Weisenberg: Sandy-hit Long Beach needs money faster to recover

A demolished house on Tennessee Avenue in Long

A demolished house on Tennessee Avenue in Long Beach. (July 27, 2013) (Credit: Newsday / Jeffrey Basinger)

State Assemb. Harvey Weisenberg made an emotional plea Thursday on behalf of victims of superstorm Sandy in Long Beach, saying people still aren't getting the money they need fast enough to rebuild.

"If you sit in my office, I tell you you're going to cry," Weisenberg (D-Long Beach) told members of the Long Island Regional Planning Council. "They're just real people that don't have the resources to fix their homes. . . . It breaks your heart to see the pain and suffering of our people."

Weisenberg made an unannounced appearance before the council during its meeting at Long Beach's Allegria Hotel The council later co-hosted a symposium of national and European experts to discuss ways the region can rebuild.


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Weisenberg recalled an 85-year-old man who has been living in a hotel since Sandy destroyed his home last October. That man now faces a loss of housing assistance money from the Federal Emergency Management Agency and, as a result, potential homelessness, he said.

"So when we talk about government meeting the needs of our people, it isn't," he said.

Weisenberg told of insurance companies that delayed paying Sandy victims' claims, rejected payouts or gave payments far below what was needed.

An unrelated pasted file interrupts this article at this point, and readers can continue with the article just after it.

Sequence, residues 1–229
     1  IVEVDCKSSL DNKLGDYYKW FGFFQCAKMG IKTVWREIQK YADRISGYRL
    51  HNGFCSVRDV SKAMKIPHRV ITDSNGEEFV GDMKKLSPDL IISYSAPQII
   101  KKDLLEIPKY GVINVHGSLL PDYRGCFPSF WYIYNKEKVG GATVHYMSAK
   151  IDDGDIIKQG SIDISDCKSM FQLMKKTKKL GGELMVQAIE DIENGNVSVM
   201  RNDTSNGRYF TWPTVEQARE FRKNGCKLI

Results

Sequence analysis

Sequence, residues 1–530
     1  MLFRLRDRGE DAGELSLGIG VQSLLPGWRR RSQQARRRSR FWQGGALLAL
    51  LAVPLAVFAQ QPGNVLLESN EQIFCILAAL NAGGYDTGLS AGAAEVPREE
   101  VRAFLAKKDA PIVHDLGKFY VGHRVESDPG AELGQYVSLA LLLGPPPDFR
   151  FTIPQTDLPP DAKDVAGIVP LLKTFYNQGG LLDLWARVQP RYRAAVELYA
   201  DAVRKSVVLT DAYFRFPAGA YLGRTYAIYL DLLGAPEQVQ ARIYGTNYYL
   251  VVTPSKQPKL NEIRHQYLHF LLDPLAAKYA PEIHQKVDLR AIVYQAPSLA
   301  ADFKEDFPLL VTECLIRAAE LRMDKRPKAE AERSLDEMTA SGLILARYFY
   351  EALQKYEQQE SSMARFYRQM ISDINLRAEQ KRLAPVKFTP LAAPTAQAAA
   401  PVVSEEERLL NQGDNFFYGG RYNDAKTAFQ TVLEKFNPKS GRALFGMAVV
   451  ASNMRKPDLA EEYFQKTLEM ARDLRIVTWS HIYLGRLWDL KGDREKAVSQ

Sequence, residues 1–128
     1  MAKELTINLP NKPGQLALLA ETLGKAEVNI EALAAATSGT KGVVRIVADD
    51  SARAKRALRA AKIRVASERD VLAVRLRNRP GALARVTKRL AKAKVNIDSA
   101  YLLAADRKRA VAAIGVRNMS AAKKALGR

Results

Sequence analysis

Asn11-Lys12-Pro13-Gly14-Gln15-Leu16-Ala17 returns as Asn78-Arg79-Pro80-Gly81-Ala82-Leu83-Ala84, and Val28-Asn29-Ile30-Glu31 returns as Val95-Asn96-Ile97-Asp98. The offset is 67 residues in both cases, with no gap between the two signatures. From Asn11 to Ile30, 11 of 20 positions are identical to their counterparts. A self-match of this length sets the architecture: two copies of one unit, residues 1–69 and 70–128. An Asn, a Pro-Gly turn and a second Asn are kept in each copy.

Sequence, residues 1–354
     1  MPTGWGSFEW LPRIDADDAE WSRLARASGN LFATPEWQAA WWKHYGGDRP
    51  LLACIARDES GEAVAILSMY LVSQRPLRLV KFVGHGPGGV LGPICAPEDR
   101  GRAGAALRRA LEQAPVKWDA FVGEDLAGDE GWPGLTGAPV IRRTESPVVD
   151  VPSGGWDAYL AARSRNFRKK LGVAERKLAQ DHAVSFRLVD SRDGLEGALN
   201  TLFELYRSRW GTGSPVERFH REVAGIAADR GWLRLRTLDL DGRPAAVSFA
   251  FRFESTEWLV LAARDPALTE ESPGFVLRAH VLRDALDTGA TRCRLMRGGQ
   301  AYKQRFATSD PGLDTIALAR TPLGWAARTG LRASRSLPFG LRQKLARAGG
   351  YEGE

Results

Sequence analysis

Jim Homstad, a spokesman for FEMA's Joint Field Office in New York, said the agency has approved $999 million in assistance to people in New York's declared disaster areas, with almost all of it disbursed.

Dan Watson, press secretary for FEMA in Washington, D.C., said in an email that the agency's National Flood Insurance Program "partners" have closed more than 99 percent of 143,000 Sandy-related claims, paying out $7.8 billion.

"FEMA will not be satisfied until policyholders have received payments for all covered losses," he wrote. Watson said policyholders with concerns about their insurance companies can call FEMA at 800-427-4661.

Weisenberg also had concerns about the state's NY Rising plan to help homeowners, businesses and municipalities.

He said he could be wrong, but he was basing his remarks on "information that was given to me. They're going to have somebody come down and inspect to see what has to be done to your house. And then they're going to get a construction list of people who can do the work. And I'm saying, 'What, are you kidding me?' . . . How much time before the money is going to flow?"

Matthew Wing, a spokesman for Gov. Andrew M. Cuomo, said the state is working "to deliver individual housing assistance despite federal delays." NY Rising is a separate program, he noted, with more than $240 million in funding going to the Island "for long-term reconstruction to protect vulnerable communities from future storms."

Brendan Gilfillan, a spokesman for the federal Department of Housing and Urban Development, said that agency has worked to "cut red tape and get aid to those who need it most quickly and effectively." HUD earlier this year announced a $1.7 billion block grant to New York for disaster recovery, which includes some funding for homeowners."We have more work to do and we will not stop working until families, small businesses and communities across the region are back on their feet and better prepared to withstand future storms," Gilfillan's statement said.

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